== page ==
which lay in that direction. The intruders, therefore, whose
number was now augmented unexpectedly to three, stood behind the
loosely-piled branches with little risk of discovery. Dinmont had
the sense to keep back Hazlewood with one hand till he whispered
to Bertram, 'A friend--young Hazlewood.'
It was no time for following up the introduction, and they all
stood as still as the rocks around them, obscured behind the pile
of brushwood, which had been probably placed there to break the
cold wind from the sea, without totally intercepting the supply of
air. The branches were laid so loosely above each other that,
looking through them towards the light of the fire-grate, they
could easily discover what passed in its vicinity, although a much
stronger degree of illumination than it afforded would not have
enabled the persons placed near the bottom of the cave to have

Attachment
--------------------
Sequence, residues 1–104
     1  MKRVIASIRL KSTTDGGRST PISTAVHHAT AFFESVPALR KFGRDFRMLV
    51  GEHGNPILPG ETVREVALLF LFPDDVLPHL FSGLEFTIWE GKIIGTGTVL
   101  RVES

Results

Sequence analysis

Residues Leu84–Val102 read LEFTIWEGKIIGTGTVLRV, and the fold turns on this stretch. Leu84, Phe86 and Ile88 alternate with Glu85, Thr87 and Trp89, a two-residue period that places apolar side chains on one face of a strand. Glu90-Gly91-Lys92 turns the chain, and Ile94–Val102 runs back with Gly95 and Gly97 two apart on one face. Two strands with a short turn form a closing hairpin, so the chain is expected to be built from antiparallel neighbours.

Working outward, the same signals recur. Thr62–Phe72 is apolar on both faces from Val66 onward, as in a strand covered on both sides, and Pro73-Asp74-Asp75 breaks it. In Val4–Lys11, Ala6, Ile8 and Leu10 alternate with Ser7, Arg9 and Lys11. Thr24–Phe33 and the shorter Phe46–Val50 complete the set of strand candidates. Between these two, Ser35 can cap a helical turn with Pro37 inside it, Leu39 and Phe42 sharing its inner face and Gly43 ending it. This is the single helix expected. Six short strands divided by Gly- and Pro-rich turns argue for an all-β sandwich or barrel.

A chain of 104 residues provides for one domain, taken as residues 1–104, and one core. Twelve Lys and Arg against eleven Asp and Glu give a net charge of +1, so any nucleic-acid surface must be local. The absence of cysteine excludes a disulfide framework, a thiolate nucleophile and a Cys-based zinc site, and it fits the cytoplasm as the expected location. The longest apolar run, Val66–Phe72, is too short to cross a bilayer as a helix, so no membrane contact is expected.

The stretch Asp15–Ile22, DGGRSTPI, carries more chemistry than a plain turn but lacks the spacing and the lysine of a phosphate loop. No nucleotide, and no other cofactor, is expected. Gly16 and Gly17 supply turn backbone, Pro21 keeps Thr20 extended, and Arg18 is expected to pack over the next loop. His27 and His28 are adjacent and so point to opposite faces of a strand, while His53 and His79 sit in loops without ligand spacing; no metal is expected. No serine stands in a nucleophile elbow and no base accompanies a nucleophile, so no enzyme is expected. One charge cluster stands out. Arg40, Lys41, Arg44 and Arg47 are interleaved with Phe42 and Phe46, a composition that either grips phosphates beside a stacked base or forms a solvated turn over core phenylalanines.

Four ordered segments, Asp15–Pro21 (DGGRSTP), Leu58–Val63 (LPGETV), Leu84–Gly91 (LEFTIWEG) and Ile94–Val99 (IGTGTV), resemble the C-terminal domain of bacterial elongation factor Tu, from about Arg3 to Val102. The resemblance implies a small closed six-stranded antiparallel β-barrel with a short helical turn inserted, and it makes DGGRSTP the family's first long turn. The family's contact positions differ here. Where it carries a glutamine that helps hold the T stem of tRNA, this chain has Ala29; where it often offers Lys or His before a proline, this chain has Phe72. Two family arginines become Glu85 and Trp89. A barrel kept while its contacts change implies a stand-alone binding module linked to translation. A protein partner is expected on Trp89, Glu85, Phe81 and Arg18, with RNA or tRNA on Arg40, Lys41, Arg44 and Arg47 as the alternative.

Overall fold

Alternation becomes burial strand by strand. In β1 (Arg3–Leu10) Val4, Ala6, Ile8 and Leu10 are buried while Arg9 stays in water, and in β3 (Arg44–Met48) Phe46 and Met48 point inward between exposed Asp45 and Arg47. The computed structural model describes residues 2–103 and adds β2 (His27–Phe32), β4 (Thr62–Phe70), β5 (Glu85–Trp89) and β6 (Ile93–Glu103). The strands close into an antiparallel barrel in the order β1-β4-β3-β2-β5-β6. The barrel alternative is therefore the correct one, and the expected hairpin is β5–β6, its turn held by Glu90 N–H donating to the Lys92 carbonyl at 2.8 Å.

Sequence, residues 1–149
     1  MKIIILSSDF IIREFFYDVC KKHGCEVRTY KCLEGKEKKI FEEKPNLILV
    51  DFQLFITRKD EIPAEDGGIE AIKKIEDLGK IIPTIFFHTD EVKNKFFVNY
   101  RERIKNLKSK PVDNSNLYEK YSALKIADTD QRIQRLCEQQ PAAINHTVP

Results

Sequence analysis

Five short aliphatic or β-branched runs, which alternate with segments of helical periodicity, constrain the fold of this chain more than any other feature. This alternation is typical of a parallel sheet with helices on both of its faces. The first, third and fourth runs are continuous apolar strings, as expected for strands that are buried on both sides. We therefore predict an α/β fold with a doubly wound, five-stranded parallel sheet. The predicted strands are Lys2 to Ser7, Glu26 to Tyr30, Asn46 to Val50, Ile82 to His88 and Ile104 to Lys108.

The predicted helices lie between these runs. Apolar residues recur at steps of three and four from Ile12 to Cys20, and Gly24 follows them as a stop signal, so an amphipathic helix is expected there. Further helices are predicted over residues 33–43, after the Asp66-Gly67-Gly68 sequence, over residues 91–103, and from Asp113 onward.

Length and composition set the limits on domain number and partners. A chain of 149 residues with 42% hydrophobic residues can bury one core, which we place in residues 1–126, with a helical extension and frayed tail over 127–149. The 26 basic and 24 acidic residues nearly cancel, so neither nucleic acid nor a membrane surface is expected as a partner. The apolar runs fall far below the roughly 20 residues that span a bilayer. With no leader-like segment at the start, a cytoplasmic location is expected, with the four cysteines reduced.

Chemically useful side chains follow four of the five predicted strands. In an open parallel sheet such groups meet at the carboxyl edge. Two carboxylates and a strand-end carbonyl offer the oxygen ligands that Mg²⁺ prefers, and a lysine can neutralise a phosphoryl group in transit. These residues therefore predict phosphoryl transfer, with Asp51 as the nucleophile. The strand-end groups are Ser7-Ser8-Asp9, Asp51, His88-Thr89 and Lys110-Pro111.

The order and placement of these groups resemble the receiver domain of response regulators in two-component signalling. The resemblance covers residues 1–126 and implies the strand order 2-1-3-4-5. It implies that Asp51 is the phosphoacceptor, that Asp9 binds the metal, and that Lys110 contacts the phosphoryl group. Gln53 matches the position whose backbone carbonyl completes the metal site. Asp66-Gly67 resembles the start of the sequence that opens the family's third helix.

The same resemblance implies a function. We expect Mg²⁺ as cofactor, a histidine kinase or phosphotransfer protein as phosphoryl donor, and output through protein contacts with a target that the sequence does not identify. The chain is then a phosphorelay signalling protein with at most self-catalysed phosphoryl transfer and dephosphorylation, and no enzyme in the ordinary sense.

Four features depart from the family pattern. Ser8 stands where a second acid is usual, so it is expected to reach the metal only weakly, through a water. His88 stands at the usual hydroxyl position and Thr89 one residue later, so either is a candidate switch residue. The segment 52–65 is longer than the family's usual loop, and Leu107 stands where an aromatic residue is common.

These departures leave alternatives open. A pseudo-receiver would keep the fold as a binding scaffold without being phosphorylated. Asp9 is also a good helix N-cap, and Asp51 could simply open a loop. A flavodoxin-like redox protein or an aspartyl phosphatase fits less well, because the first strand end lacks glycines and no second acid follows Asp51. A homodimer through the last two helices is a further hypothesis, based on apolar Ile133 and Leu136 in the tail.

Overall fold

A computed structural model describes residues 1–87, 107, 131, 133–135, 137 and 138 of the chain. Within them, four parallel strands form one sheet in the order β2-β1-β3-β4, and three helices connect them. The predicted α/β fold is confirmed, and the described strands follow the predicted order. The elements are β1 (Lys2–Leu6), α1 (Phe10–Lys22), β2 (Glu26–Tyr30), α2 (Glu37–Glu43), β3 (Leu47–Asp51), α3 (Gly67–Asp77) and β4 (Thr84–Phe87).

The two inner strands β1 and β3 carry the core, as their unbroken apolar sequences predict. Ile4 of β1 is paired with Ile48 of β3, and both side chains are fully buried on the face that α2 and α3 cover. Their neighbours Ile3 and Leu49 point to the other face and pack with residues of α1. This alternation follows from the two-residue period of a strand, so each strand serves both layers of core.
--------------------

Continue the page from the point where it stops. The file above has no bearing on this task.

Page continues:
descried them in the position which they occupied.
The scene, independent of the peculiar moral interest and personal
danger which attended it, had, from the effect of the light and
shade on the uncommon objects which it exhibited, an appearance
emphatically dismal. The light in the fire-grate was the dark-red
glare of charcoal in a state of ignition, relieved from time to
time by a transient flame of a more vivid or duskier light, as the
fuel with which Dirk Hatteraick fed his fire was better or worse
fitted for his purpose. Now a dark cloud of stifling smoke rose up
to the roof of the cavern, and then lighted into a reluctant and
sullen blaze, which flashed wavering up the pillar of smoke, and
was suddenly rendered brighter and more lively by some drier fuel,
or perhaps some splintered fir-timber, which at once converted the
smoke into flame. By such fitful irradiation they could see, more
or less distinctly, the form of Hatteraick, whose savage and
rugged cast of features, now rendered yet more ferocious by the
circumstances of his situation and the deep gloom of his mind,
assorted well with the rugged and broken vault, which rose in a
rude arch over and around him. The form of Meg Merrilies, which
stalked about him, sometimes in the light, sometimes partially
obscured in the smoke or darkness, contrasted strongly with the
sitting figure of Hatteraick as he bent over the flame, and from